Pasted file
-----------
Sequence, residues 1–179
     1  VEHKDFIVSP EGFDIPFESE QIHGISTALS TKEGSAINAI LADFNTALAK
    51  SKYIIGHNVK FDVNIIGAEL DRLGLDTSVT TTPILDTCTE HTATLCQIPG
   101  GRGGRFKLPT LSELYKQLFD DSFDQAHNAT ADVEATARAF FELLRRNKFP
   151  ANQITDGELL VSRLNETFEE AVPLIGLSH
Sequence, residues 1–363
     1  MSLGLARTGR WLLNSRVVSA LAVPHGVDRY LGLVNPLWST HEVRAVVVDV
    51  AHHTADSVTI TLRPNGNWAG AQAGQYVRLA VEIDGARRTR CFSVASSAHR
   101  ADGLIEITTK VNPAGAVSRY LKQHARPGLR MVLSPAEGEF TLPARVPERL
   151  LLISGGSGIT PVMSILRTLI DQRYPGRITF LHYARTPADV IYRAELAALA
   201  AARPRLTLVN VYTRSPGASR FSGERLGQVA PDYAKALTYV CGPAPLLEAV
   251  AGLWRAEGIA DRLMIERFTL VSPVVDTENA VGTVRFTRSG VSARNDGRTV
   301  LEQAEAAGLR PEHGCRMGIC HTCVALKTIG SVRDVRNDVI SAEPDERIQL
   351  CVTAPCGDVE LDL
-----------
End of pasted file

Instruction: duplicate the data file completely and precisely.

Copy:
Sequence, residues 1–179
     1  VEHKDFIVSP EGFDIPFESE QIHGISTALS TKEGSAINAI LADFNTALAK
    51  SKYIIGHNVK FDVNIIGAEL DRLGLDTSVT TTPILDTCTE HTATLCQIPG
   101  GRGGRFKLPT LSELYKQLFD DSFDQAHNAT ADVEATARAF FELLRRNKFP
   151  ANQITDGELL VSRLNETFEE AVPLIGLSH
Sequence, residues 1–363
     1  MSLGLARTGR WLLNSRVVSA LAVPHGVDRY LGLVNPLWST HEVRAVVVDV
    51  AHHTADSVTI TLRPNGNWAG AQAGQYVRLA VEIDGARRTR CFSVASSAHR
   101  ADGLIEITTK VNPAGAVSRY LKQHARPGLR MVLSPAEGEF TLPARVPERL
   151  LLISGGSGIT PVMSILRTLI DQRYPGRITF LHYARTPADV IYRAELAALA
   201  AARPRLTLVN VYTRSPGASR FSGERLGQVA PDYAKALTYV CGPAPLLEAV
   251  AGLWRAEGIA DRLMIERFTL VSPVVDTENA VGTVRFTRSG VSARNDGRTV
   301  LEQAEAAGLR PEHGCRMGIC HTCVALKTIG SVRDVRNDVI SAEPDERIQL
   351  CVTAPCGDVE LDL